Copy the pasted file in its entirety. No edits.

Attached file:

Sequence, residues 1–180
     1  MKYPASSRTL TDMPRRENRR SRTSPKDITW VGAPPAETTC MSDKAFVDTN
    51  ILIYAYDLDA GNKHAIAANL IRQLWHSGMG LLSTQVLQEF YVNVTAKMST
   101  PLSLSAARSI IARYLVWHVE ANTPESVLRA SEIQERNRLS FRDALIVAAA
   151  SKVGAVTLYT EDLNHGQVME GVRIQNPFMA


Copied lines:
Sequence, residues 1–180
     1  MKYPASSRTL TDMPRRENRR SRTSPKDITW VGAPPAETTC MSDKAFVDTN
    51  ILIYAYDLDA GNKHAIAANL IRQLWHSGMG LLSTQVLQEF YVNVTAKMST
   101  PLSLSAARSI IARYLVWHVE ANTPESVLRA SEIQERNRLS FRDALIVAAA
   151  SKVGAVTLYT EDLNHGQVME GVRIQNPFMA